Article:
Alternative names
Hepatosplenomegaly; Enlarged liver; Liver enlargement

Hepatomegaly is the enlargement of the liver beyond its normal size. Hepatosplenomegaly is enlargement of both the liver and the spleen - see splenomegaly.


The lower edge of the liver normally comes just to the lower edge of the ribs (costal margin) on the right side. In its normal state, the edge of the liver is thin and firm, and it cannot be palpated (felt with the finger tips) below the edge of the costal margin.

If the liver becomes enlarged enough that it can be palpated below the costal margin, the patient may have hepatomegaly. The diagnosis must be confirmed by an imaging study of the liver.

The liver is involved in many bodily functions, and is affected by a variety of conditions, many of which result in hepatomegaly. General causes include infection (viral, bacterial, or parasitic), malignancy (cancer or tumors), anemias, storage diseases, heart failure, congenital heart disease, toxins, and metabolic disturbances.

Common Causes

  • Alcohol  
  • Hepatitis A  
  • Hepatitis B  
  • Congestive heart failure  
  • Infectious mononucleosis  
  • Leukemia  
  • Tumor metastases  
  • Neuroblastoma  
  • Hepatocellular carcinoma  
  • Niemann-Pick disease  
  • Hereditary fructose intolerance  
  • Glycogen storage disease  
  • Primary biliary cirrhosis  
  • Sarcoidosis  
  • Sclerosing cholangitis  
  • Hemolytic-uremic syndrome (HUS)  
  • Reye’s syndrome

Home Care
Contact your health care provider.

Call your health care provider if
This finding is usually discovered by the health care provider, and the affected individual may or may not have been aware of its presence.

What to expect at your health care provider’s office

The medical history will be obtained. This finding is usually discovered by the health care provider during a physical examination.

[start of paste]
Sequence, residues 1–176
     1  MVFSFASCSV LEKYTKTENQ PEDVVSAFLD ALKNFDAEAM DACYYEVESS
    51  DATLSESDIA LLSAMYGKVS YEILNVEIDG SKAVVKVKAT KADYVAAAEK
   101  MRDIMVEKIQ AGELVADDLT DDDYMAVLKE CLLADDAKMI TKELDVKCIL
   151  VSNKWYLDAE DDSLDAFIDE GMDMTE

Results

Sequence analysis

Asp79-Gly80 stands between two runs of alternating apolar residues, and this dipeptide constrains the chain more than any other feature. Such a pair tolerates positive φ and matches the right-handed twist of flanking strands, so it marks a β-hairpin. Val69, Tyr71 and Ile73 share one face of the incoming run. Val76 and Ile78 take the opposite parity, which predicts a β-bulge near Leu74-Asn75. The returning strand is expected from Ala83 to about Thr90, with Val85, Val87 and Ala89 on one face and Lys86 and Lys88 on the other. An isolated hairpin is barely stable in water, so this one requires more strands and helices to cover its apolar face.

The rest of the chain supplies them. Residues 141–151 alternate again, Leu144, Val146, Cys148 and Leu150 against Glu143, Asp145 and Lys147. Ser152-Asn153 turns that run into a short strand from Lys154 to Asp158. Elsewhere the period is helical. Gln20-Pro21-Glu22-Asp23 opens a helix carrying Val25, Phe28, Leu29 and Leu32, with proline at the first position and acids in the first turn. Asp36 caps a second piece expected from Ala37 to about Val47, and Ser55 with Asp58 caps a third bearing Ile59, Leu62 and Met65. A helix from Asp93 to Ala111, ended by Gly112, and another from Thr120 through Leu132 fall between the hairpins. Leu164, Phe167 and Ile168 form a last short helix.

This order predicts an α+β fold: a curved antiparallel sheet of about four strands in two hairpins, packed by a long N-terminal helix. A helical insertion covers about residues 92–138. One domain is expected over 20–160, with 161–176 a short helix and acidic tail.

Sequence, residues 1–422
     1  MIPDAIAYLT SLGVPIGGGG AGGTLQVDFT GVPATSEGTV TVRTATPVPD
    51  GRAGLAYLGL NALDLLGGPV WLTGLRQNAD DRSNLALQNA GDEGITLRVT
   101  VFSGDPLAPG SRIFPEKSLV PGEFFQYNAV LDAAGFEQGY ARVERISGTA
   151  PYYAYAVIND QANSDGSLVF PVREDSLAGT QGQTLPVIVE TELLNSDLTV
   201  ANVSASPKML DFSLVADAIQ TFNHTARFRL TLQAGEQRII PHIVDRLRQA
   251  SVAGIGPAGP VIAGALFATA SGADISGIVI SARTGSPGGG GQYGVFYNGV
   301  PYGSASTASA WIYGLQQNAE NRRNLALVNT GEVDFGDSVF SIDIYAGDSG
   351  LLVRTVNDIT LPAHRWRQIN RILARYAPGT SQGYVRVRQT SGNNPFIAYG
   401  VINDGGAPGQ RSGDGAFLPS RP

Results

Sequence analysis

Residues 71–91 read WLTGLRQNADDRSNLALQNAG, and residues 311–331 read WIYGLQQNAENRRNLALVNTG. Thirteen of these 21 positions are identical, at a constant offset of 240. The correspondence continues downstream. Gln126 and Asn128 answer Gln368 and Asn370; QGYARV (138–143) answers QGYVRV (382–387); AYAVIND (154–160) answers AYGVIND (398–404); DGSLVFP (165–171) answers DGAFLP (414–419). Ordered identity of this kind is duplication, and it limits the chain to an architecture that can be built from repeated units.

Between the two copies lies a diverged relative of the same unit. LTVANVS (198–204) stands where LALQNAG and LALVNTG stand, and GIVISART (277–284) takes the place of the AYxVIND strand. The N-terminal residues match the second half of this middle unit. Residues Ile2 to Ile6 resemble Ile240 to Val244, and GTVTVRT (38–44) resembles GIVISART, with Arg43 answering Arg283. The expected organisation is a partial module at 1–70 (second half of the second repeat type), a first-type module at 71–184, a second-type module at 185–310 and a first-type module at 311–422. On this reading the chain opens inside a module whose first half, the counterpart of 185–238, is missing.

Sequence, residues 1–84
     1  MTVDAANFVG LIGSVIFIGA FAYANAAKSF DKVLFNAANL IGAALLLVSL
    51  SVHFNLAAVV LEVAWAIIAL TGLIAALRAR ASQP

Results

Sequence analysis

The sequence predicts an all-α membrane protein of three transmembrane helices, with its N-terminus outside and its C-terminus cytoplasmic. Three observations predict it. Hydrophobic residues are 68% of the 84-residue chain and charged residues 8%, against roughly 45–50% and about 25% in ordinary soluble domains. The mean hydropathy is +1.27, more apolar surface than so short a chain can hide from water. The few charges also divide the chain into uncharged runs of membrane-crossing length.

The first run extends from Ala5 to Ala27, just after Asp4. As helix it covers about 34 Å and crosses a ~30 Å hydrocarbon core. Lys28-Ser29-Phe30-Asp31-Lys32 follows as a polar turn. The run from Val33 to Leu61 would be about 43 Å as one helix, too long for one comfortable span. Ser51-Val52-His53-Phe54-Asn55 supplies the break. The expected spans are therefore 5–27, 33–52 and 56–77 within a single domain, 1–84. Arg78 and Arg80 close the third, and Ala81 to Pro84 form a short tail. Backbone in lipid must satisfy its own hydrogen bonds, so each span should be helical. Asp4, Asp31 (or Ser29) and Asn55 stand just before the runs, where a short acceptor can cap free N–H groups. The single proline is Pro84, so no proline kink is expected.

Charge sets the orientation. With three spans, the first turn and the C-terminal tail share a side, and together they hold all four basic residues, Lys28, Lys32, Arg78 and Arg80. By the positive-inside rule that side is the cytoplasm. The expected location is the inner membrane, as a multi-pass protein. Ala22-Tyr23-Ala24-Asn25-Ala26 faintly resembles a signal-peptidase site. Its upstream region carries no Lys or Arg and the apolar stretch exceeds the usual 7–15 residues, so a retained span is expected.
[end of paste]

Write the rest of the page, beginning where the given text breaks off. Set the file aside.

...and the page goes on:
Medical history questions documenting hepatomegaly in detail include:

  • When did you notice a fullness or lump in the abdomen?  
  • How much has it changed or enlarged?  
  • What other symptoms are also present?  
  • Is there any abdominal pain?  
  • Is there any yellowing of the skin (jaundice)?  
  • Is there any vomiting?  
  • Is there any unusual-colored or pale-colored stools?  
  • Have you had any fevers?  
  • What medications are you taking?  
  • How much alcohol do you consume?

Diagnostic tests to determine the cause of the hepatomegaly vary depending on the suspected cause, but may include:

  • Abdominal x-ray  
  • Ultrasound of the liver  
  • CT scan of the abdomen  
  • Liver function tests, including blood clotting profiles  
  • Other tests for suspected causes

After seeing your health care provider:
You may want to add a diagnosis related to hepatomegaly to your personal medical record.

Johns Hopkins patient information

Last revised: December 3, 2012
by Martin A. Harms, M.D.

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All ArmMed Media material is provided for information only and is neither advice nor a substitute for proper medical care. Consult a qualified healthcare professional who understands your particular history for individual concerns.